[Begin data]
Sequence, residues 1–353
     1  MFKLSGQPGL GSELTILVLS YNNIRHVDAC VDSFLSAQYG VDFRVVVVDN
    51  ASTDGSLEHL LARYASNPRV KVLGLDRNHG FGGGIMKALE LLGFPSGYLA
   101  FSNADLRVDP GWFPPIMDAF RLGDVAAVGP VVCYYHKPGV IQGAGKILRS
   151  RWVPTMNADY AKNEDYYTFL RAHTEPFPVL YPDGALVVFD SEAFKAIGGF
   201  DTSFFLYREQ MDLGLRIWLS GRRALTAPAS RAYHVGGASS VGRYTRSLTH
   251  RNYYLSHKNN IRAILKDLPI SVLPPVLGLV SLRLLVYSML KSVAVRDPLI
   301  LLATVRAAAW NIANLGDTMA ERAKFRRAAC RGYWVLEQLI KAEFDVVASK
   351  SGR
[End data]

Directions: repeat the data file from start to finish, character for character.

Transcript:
Sequence, residues 1–353
     1  MFKLSGQPGL GSELTILVLS YNNIRHVDAC VDSFLSAQYG VDFRVVVVDN
    51  ASTDGSLEHL LARYASNPRV KVLGLDRNHG FGGGIMKALE LLGFPSGYLA
   101  FSNADLRVDP GWFPPIMDAF RLGDVAAVGP VVCYYHKPGV IQGAGKILRS
   151  RWVPTMNADY AKNEDYYTFL RAHTEPFPVL YPDGALVVFD SEAFKAIGGF
   201  DTSFFLYREQ MDLGLRIWLS GRRALTAPAS RAYHVGGASS VGRYTRSLTH
   251  RNYYLSHKNN IRAILKDLPI SVLPPVLGLV SLRLLVYSML KSVAVRDPLI
   301  LLATVRAAAW NIANLGDTMA ERAKFRRAAC RGYWVLEQLI KAEFDVVASK
   351  SGR